As the unexpected result came, in the yen surged by more than three percent against the dollar on Wednesday, a rise which has since been offset by the dollar's attractiveness to investors, who predict Donald Trump's proposed economic policies are inflationary in nature, and would allow the US Federal Reserve to raise interest rates.
On Friday the dollar had recorded a rise of 3.17 percent against the yen compared to a week earlier, which led Japanese Finance Minister Taro Aso to comment on the importance of market stability.
"It is exceptional for the yen to move 5 yen (against the dollar) in two days," Aso said.
As the expectation of a Hillary Clinton presidency gave rise to some economic uncertainty for Japan, Tokyo is also coming to terms with the political implications of Donald Trump's presidency.
Andrey Fesyun, an expert in Japanese affairs at Russia's Higher School of Economics, told Sputnik that Trump's election presents risks and opportunities for Japanese politicians, who are used to carrying out orders from a Washington deeply interested in its affairs.
"Relations between Japan and the US under the new president are likely to be more independent. On one hand that's a good thing for Japanese business, but it might not be a very comfortable situation for Japanese politicians because they are used to be dependent and carrying out demands from Washington," Fesyun said.
"It is interesting that Japanese-Russian relations will have a more privileged status in this context. Trump probably won't try to exert any kind of constraining influence on them (the Japanese). In that sense, Trump's election gives Russia a good chance to further deepen its relations with Japan," Fesyun said.
During a campaign rally in Iowa in August, Trump warned US ally Japan that he would re-negotiate the terms of their defense treaty, requiring the country to spend more on defense.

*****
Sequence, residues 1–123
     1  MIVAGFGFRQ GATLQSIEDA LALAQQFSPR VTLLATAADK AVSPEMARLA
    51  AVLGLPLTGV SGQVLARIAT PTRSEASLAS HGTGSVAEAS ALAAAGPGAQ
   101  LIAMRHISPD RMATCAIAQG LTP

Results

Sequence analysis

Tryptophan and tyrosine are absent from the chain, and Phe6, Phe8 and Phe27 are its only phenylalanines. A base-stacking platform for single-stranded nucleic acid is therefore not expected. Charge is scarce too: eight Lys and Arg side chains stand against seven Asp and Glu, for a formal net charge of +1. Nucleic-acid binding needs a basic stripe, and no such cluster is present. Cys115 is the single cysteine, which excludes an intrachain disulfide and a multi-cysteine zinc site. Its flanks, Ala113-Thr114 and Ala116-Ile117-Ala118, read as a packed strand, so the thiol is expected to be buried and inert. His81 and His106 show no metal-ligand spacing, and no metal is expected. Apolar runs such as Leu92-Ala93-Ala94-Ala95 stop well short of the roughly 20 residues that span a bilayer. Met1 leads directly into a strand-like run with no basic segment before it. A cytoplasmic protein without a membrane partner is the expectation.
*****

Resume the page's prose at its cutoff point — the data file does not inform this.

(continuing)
"You know we have a treaty with Japan where if Japan is attacked, we have to use the full force and might of the United States," Trump said.
"If we’re attacked, Japan doesn’t have to do anything. They can sit home and watch Sony television, OK?" Trump said.
He also attacked the cost of US troop deployment in Japan, where approximately 50,000 US military personnel are stationed.
The president-elect said he had been told that Japan pays "50 percent of the cost" of basing US troops there.
"Why don’t they pay 100 percent?" he asked.
Fetyun told Sputnik that Japan will probably have to increase its own defense capabilities under a Trump presidency.
"Japan knows it will have to pay a lot more money for its own safety. However, that doesn't mean an end to the US troop presence and atomic weapons in Japan, since the Chinese threat remains on the same high level as before. Because of that, the mutual defense treaty between the US and Japan remains just as important as it was under the last president."
"Of course, Tokyo will have to spend more on defense, but I think the Japanese economy can withstand it," Fetyun said.
However, Trump's concern for the US economy may mean a closer relationship for China, which could complicate the close US-Japan relationship.
"As a politician, Trump is more focused on the immediate US economic situation, and as a result he will give more attention to economic links with China. It seems to be that he will try and improve them, as far as that is beneficial for the US. In this beautiful American-Chinese tandem, Japan might turn out to be the odd one out. From an economic point of view it can't be ruled out that Tokyo loses out under the new president," Fetyun said.